10.3 Quantitative Analysis of TPs in the Environment 311

10.4 Evaluation of the Toxicity of TPs 318

10.5 Conclusions and Future Needs 319

Acknowledgments 320

References 320

11 Advanced Mass Spectrometry-Based Techniques for theIdentification and Structure Elucidation of Transformation Productsof Emerging Contaminants 325
Paola Calza and Fabbri Debora

11.1 Introduction 325

11.2 Potential and Differences Among the Different MS Systemsfor Determining Unknown Compounds 326

11.3 How to Proceed in the Structural Attribution 330

11.4 Accurate Mass Screening and Identification of EmergingContaminants in Environmental Samples: Some Cases Studied 334

11.5 Conclusions 345

References 346

12 Applications of NMR Techniques for the Identification andStructure Elucidation of Emerging Organic and Other XenobioticOrganic Contaminants 351
Alfred Preiss and Markus Godejohann

12.1 Introduction 351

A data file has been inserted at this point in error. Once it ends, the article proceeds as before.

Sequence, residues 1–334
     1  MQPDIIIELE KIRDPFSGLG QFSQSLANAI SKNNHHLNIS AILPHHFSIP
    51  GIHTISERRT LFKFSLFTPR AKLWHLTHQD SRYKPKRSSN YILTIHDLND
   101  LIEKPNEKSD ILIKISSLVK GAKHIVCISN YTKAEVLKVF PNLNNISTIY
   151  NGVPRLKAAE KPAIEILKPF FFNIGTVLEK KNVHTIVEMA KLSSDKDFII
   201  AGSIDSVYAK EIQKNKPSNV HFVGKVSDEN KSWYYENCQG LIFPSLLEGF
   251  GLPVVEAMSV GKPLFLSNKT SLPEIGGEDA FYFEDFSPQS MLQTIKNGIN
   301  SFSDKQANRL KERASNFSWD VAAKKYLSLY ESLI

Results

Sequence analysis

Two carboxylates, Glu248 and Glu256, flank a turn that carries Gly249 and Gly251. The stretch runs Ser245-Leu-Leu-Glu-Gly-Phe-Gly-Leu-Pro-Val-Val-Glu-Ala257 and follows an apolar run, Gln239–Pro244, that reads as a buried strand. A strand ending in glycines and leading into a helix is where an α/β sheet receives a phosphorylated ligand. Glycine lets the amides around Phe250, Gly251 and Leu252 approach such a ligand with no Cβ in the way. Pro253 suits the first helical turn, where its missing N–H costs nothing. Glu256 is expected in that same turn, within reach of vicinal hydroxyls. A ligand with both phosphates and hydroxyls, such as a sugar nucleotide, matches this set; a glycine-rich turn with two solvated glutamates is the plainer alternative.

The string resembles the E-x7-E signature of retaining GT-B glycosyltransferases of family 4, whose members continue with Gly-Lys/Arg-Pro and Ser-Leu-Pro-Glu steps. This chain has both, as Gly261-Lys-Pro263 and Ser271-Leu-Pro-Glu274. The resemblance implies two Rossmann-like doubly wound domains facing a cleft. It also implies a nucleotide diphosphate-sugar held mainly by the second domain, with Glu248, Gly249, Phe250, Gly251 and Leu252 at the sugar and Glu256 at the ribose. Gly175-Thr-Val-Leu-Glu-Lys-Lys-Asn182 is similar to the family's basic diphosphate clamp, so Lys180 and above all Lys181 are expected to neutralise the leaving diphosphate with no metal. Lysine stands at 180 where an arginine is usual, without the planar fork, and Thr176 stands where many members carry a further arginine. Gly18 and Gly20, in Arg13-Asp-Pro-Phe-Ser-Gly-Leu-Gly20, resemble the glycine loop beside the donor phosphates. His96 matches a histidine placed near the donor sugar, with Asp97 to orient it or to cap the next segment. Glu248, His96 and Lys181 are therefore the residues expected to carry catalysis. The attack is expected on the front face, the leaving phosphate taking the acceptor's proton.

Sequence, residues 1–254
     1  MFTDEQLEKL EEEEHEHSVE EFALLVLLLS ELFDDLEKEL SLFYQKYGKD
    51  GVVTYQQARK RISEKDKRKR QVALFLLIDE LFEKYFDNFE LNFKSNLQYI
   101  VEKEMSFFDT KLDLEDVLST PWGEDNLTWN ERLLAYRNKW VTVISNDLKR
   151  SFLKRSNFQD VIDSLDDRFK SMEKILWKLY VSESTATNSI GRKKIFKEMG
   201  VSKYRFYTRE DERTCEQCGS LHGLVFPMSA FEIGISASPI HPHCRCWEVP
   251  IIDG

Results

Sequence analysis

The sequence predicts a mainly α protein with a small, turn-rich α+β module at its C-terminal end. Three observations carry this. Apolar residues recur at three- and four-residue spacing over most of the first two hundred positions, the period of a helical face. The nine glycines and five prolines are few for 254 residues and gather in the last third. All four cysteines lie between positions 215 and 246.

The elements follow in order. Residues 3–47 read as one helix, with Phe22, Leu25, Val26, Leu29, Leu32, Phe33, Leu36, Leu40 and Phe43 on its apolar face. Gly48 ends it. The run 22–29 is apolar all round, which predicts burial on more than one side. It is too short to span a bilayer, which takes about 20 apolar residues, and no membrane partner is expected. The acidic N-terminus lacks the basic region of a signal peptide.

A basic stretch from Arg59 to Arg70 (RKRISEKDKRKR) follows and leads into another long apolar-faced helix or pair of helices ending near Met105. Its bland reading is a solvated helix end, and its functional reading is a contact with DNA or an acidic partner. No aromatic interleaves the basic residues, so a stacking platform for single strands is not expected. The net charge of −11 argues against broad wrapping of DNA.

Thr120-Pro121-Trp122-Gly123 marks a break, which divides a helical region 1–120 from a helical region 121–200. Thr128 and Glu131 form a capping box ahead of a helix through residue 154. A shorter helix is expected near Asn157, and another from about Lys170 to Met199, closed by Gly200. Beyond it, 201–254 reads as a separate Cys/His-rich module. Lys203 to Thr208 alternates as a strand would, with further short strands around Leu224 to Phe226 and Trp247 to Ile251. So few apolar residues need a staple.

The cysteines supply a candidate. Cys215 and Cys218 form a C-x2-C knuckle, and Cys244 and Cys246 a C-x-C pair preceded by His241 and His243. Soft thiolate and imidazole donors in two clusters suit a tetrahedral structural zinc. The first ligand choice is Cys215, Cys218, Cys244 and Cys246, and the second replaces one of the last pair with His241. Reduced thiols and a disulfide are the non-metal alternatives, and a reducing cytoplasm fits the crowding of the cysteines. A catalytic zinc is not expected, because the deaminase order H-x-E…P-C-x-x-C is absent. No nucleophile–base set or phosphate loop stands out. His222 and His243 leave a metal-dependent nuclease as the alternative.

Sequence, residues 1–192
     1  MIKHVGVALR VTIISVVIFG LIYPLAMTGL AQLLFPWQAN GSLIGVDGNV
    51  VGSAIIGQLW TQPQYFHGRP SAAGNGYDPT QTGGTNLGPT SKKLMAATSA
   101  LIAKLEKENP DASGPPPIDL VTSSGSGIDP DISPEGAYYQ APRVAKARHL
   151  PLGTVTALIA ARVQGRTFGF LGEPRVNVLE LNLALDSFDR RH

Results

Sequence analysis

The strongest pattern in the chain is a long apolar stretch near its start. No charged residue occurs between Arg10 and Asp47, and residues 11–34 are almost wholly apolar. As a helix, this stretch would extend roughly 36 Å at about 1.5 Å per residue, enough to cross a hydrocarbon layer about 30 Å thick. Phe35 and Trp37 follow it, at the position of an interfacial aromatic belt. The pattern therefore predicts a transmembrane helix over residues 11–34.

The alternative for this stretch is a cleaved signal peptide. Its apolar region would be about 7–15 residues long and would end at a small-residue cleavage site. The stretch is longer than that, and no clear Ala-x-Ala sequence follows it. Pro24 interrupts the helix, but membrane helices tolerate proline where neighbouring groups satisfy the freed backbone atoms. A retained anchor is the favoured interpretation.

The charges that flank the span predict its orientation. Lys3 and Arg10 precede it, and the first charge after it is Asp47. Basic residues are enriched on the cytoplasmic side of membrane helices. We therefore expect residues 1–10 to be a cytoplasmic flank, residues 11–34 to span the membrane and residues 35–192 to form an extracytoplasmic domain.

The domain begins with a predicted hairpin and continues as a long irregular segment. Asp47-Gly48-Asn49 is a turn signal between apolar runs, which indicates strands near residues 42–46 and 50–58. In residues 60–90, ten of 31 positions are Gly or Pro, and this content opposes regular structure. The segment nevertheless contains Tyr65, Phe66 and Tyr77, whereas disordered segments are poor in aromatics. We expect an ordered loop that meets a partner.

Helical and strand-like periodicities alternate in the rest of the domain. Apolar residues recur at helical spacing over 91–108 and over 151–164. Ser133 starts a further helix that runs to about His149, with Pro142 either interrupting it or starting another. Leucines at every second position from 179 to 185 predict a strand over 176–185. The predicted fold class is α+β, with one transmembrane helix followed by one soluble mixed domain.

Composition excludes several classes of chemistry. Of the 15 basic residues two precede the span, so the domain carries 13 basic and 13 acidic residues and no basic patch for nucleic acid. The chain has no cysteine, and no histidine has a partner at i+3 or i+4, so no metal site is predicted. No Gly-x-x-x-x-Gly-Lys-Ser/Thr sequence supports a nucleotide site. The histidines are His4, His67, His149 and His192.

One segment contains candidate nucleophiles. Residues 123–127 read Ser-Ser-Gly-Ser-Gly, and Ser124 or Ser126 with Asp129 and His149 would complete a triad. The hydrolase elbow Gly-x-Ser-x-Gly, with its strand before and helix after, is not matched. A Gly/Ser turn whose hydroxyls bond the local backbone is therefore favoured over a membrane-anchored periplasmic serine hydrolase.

12.2 Basic Techniques 353

12.3 Applications 359

12.4 Conclusions 377

List of Abbreviations 377

References 378

Index 385

VOLUME 2

PART IV OCCURRENCE, FATE AND EFFECTS IN THE ENVIRONMENT:AN OVERVIEW OF MAJOR CLASSES 385

13 Transformation Products of Pesticides in the Environment:Analysis and Occurrence 387
Ana Aguera Lopez, Marya del Mar Gomez Ramos, and Amadeo R.Fernandez-Alba

13.1 Introduction 387

13.2 Transformation of Pesticides in the Environment 388

13.3 Analytical Techniques Used in the Identification andAnalysis of TPs 408

13.4 Occurrence of Pesticide TPs in the Environment 418

13.5 Concluding Remarks 419

Acknowledgments 420

References 420

14 Metabolites and Transformation Products of Pharmaceuticals inthe Aquatic Environment as Contaminants of Emerging Concern425
I. Michael, M.I. Vasquez, E. Hapeshi, T. Haddad, E. Baginska, K.Kummerer, and D. Fatta-Kassinos

14.1 Introduction 425

14.2 Human Metabolites in the Aquatic Environment 427

14.3 Biotransformation Products in the Aquatic Environment430

14.4 Transformation of Pharmaceuticals During Photolysis andAdvanced Oxidation Processes 437

14.5 Conclusions and Outlook 458

Acknowledgments 459

References 459

15 Transformation Products of Personal Care Products: UV FiltersCase Studies 471
Kristina Pestotnik, Tina Kosjek, and Ester Heath

15.1 Introduction 471

15.2 Main Physico-Chemical Parameters of UV Filters and theirInfluence on Environmental Behaviour 473

15.3 Occurrence of UV Filter Residues 477

15.4 Fate of UV Filter Residues 479

15.5 Analytical Methods for Identification of TransformationProducts 490